1994 was the year that changed the way governments sell or buy resources. In that year, the United States Federal Communications Commission introduced a new way to sell radio spectrum to private telecom operators, based on the advice of, among others, economists Paul Milgrom and Robert Wilson. The duo won the Nobel Prize
for economics this year for the kind of work that led to that landmark 1994 auction. Since 1994, over $200 billion has been raised by governments through such auctions. The research by Dr Milgrom and Dr Wilson have also transformed the ways in which governments across the world procure goods and services from private parties, and not just how they sell them.
Yet much of this path-breaking research has passed this country by. Much of the procurement by the government in India, in both infrastructure and non-infrastructure contexts, has tended to follow the L1/H1 bidding process where the lowest/highest bidder wins the right to fulfill the contract, such as the right to supply power. Yet anyone with even a passing familiarity with the infrastructure and related sectors, as it has functioned over the last three decades, knows that even though competitive bidding has brought substantial benefits, it is still beset by problems.
There are a number of institutional reasons why our bidding and tendering processes have problems, but at least part of the reason goes back to the fundamental research done by Dr Milgrom and Dr Wilson on how auctions should be conducted and the rules which an auction process must follow.
For instance, are bids open or closed? What price does the winner pay — their own bid price, or the second highest bid? Even the question of who actually should be the winner of an auction (not necessarily the highest or the lowest bidder) is an aspect explored in the research.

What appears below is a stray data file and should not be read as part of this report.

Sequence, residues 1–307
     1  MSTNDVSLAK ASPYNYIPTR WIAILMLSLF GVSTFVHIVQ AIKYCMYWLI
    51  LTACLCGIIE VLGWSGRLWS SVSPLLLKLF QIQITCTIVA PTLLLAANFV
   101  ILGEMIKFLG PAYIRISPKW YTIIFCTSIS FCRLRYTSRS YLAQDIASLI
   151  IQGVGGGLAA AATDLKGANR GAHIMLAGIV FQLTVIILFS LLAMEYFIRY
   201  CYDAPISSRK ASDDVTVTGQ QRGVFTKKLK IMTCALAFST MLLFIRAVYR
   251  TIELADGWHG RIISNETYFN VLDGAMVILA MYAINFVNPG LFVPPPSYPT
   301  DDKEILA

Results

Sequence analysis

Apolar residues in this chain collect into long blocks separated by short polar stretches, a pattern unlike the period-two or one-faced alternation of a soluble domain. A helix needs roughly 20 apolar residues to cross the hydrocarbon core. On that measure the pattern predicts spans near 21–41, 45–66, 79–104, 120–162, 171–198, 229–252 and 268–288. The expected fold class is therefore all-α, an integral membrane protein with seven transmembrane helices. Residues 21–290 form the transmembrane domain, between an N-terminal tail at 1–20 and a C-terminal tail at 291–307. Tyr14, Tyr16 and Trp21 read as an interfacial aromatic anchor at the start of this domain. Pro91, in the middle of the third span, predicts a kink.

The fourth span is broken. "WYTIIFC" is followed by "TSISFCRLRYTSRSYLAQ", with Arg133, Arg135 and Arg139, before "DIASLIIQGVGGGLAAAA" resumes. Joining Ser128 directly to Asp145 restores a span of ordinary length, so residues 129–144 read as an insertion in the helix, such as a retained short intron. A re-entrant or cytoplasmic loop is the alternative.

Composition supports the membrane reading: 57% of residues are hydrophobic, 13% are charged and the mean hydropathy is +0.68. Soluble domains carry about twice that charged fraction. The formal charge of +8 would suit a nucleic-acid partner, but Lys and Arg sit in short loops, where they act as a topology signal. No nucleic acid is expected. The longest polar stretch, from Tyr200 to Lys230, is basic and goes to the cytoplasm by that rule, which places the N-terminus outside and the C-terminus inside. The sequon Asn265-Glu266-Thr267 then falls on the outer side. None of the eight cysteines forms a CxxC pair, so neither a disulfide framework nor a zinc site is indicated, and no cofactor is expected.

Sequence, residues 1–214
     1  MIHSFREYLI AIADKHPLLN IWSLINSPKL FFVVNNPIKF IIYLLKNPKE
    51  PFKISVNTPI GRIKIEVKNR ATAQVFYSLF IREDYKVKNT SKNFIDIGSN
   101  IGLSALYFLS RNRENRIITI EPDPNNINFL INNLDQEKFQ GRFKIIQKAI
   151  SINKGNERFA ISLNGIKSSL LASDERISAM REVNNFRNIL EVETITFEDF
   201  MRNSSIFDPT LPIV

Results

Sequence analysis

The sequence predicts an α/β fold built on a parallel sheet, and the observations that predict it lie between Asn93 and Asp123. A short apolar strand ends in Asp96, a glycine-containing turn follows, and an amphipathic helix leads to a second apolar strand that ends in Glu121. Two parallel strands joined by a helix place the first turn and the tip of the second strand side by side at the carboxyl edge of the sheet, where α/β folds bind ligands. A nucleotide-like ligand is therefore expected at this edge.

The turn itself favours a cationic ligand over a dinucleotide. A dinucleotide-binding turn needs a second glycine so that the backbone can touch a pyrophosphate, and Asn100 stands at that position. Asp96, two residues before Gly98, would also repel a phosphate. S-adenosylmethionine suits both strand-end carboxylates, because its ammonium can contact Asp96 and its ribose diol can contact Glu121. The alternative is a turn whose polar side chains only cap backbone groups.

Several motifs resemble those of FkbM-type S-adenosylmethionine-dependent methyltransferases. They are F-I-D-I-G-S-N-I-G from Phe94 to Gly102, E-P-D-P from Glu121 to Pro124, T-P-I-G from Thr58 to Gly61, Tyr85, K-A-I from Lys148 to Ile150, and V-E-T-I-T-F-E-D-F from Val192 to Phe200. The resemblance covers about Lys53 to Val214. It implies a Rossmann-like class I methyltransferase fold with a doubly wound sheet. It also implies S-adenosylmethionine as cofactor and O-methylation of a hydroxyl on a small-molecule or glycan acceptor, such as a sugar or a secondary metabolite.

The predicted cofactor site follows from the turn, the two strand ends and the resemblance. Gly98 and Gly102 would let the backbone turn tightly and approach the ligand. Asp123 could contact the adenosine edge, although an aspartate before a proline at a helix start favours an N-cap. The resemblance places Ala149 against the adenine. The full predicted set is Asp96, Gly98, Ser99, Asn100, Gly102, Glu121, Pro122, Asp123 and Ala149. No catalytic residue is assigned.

The core of the problem goes back to the information available to each bidder about the final value of the contract or project, and how they (individually) value that contract. For instance, a government may invite bids on a road construction project. The actual cash flows (from toll revenues, or even from the final sale) over the life of the project are likely to be the same, irrespective of who wins. But every bidder’s assessment of that net value of the project, including costs, will be different at the time of bidding — and which could change if competing companies could learn each other’s estimates of that “common value”. Research has shown that in such circumstances, and especially given an L1/H1 auction, it is highly likely that the winner will be the company that overestimates the value of the project and bids too aggressively, only to regret it later. This is what we have seen again and again across infra projects.
Why should such aggressive bidding be a problem for the “seller” — in this case, the government? After all, if a private party is too optimistic about the value of a project, say, a power procurement contract, that would be their lookout — the public will benefit from tariffs that are as low as possible.
But as we have often seen in reality, over-aggressive bids lead to poor quality work on the projects, difficulties in financial closure, delayed execution, or worse, early attempts to renegotiate the contract. Ultimately, the government, and the public lose out. How do you design an auction that ensures that bidders don’t overplay their hand?
How do you create rules that ensure that all bidders have access to as much accurate information about the project as possible?
Research on auction design predates Dr Milgrom and Dr Wilson — most famously in the work of William Vickrey, who also won the Nobel Prize.
But Dr Milgrom and Dr Wilson extended that work to cover more complex and realistic scenarios described above, and adverse outcomes such as the winner’s curse (that is the tendency to bid too much). For instance, Dr Wilson argued, in a series of papers as far back as the 1970s, that in auction formats similar to L1/H1, the possibility of a winner’s curse leads to serious problems.
Others, following on their work have deepened our understanding of the best practices for government procurement, which can vary according to specific circumstances. This has led to reforms in a number of countries in public procurement processes — for instance, some public authorities across the world follow the so-called Average Bid auctions to eliminate the winner’s curse altogether —the winner is not the “best” bidder, but the one who bids closest to the average of all the bids, the idea being that the “average” bidder has made a better estimate of the value of the project.
The bigger takeaway from this year’s Nobel winners is that an overhaul of public procurement processes in India is long overdue. It’s time that economic practice in India, in the field of public procurement, caught up with the state of the art in theory, as well as practice.